Mothers with COVID-19 Can Safely Room-in with Newborns
A new study from Italy provides evidence that new mothers with COVID-19 can safely breastfeed and stay together in the same room with their newborns after delivery if they follow safety precautions.
Newborns are unlikely to contract SARS-CoV-2 while breastfeeding and rooming-in with mothers infected with the virus that causes coronavirus disease 2019 (COVID-19), if precautions such as wearing a mask and practicing careful hand hygiene are taken, a new study suggests.
The study, published in JAMA Pediatrics, included 62 infants born to 61 mothers who tested positive for SARS-CoV-2 at 6 maternity centers in northern Italy between March 19 and May 2. During follow-up over 3 weeks, only one infant tested positive for the virus.
“COVID-19 positive mothers who mask, perform excellent hand hygiene can know it is safe to room-in with their newborn as well as provide breast milk if they feel well enough to care for their baby,” David A. Kaufman, MD, a professor in the Department of Pediatrics at the University of Virginia School of Medicine, told Contagion®. Kaufman co-authored an editorial published in association with the study on JAMA Pediatrics.
Early in the pandemic, the American Academy of Pediatrics recommended that new mothers with COVID-19 be physically separated from their newborns to avoid transferring the virus. The AAP has since updated its recommendations to allow rooming in with precautions such as mask wearing and hand hygiene. Rooming-in promotes the mother-child relationship and breastfeeding.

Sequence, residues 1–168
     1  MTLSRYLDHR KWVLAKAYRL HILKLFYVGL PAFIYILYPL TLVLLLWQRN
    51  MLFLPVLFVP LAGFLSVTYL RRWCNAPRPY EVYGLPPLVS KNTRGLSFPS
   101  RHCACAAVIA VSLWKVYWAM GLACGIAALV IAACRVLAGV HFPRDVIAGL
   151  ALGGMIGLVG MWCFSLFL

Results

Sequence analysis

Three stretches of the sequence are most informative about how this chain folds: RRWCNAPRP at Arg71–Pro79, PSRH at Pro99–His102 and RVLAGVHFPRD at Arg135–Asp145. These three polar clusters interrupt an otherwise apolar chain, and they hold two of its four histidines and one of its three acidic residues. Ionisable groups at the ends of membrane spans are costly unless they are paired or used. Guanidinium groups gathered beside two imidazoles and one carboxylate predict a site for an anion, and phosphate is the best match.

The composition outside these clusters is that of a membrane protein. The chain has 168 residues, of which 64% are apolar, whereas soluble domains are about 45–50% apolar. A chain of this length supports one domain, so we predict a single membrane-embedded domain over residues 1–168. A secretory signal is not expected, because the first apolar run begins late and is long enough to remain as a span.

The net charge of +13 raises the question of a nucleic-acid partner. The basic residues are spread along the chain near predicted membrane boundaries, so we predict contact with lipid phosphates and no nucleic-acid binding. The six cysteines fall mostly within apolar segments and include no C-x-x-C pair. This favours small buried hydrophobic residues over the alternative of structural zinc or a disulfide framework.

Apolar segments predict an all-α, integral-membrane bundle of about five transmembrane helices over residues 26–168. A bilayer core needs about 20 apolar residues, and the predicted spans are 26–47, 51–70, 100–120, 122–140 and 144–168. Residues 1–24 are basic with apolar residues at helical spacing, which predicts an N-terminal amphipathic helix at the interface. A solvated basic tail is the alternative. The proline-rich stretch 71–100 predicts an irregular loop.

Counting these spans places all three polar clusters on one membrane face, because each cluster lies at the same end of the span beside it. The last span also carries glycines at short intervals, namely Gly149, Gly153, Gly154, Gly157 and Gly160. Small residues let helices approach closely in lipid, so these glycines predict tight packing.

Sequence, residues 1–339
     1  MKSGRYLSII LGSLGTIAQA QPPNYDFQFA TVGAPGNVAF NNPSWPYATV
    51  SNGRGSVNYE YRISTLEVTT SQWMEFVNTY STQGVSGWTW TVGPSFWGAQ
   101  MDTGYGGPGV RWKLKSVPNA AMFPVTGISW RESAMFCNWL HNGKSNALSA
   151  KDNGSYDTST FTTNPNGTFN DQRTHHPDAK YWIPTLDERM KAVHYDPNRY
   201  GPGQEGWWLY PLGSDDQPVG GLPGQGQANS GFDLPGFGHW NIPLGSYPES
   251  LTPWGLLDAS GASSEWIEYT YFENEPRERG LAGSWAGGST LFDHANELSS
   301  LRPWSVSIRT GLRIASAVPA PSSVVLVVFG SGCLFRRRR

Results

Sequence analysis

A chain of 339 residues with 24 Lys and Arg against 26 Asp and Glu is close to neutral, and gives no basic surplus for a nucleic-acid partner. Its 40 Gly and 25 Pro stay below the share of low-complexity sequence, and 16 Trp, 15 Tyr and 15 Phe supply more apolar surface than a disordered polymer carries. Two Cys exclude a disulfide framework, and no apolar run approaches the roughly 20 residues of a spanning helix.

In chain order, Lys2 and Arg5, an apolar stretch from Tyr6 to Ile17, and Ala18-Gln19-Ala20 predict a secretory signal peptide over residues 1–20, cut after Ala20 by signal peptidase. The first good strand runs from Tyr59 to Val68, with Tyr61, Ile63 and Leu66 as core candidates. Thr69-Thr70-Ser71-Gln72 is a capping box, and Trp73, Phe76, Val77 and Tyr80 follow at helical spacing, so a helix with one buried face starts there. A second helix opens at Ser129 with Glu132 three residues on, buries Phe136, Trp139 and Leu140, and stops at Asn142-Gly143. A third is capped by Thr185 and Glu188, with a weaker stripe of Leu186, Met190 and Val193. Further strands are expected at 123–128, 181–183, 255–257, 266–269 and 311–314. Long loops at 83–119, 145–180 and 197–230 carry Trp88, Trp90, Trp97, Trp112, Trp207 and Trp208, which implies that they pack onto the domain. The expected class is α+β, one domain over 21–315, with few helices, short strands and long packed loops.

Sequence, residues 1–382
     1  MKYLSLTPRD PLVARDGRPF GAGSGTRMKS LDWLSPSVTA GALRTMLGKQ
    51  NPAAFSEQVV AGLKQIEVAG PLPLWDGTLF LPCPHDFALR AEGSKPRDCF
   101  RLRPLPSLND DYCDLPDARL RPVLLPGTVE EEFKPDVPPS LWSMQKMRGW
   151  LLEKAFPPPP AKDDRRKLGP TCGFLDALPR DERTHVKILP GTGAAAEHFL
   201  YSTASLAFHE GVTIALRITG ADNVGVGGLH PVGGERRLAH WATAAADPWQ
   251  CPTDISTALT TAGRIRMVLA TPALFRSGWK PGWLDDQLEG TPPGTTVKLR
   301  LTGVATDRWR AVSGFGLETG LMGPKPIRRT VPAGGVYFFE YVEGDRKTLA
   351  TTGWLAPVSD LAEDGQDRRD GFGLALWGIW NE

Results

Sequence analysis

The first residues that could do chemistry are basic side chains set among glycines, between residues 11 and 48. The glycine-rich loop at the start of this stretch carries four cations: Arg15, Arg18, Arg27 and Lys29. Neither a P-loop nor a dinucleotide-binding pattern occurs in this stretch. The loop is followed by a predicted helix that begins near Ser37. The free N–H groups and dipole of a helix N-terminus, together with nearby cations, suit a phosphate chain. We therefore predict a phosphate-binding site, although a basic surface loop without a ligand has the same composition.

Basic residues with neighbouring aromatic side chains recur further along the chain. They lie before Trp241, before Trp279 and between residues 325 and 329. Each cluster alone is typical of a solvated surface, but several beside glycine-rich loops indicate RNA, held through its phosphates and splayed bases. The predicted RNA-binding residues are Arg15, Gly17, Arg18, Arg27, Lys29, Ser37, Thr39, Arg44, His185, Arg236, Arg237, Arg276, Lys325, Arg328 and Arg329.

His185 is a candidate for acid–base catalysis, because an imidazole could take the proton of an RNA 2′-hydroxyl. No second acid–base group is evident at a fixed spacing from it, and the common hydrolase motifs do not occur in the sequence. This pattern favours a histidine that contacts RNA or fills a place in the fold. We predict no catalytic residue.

All of the mothers who participated in the study had mild symptoms or were asymptomatic at the time of delivery and felt well enough to care for their infants. In the one case where they infant tested positive for SARS-CoV-2, rooming-in was interrupted at Day 5 when the mother’s condition worsened, requiring ICU admission and mechanical ventilation. The infant displayed mild symptoms that resolved after a few days, and the infant was discharged to the father’s care at Day 18.
Among the infants, 95% were breastfed, including 73% who were exclusively breastfed.
“Breastfeeding or receiving expressed breast milk should be considered protection against infection and not as a risk for the virus to be transmitted to the newborn via the breast milk,” Kaufman said.
To qualify for rooming-in practices, mothers had to be well enough to care for their infants with temperatures less than 38ºC (100.4ºF) and no need for supplemental oxygen or respiratory support. Infants were born at 34 weeks of gestational age or later with birth weights over 2000 grams (4.4 pounds) and healthy physical examinations and vital signs.
Mothers were educated about droplet and contact precautions, hand hygiene and rigorous application of recommendations to prevent transmission of the virus.
“COVID-19 infected mothers who mask, perform hand hygiene before and after all contact with their infant, breastfeed and have their newborn 6 feet away when they are not feeding or caring for the baby safely prevents transmission to the baby during the time the mom is infectious,” Kaufman said. “If a COVID-19 mother has or develops moderate or severe symptoms while she is still infectious, she should consult with her health care provider and have another person care for her baby until she is better.”
The study offers further evidence that breast feeding is safe for infants born to mothers with COVID-19. An earlier study involving 18 mothers in California who tested positive for SARS-CoV-2 found no evidence that the virus is transmitted through breast milk.
While cases of COVID-19 have been reported among newborns, symptoms have been milder than in adults.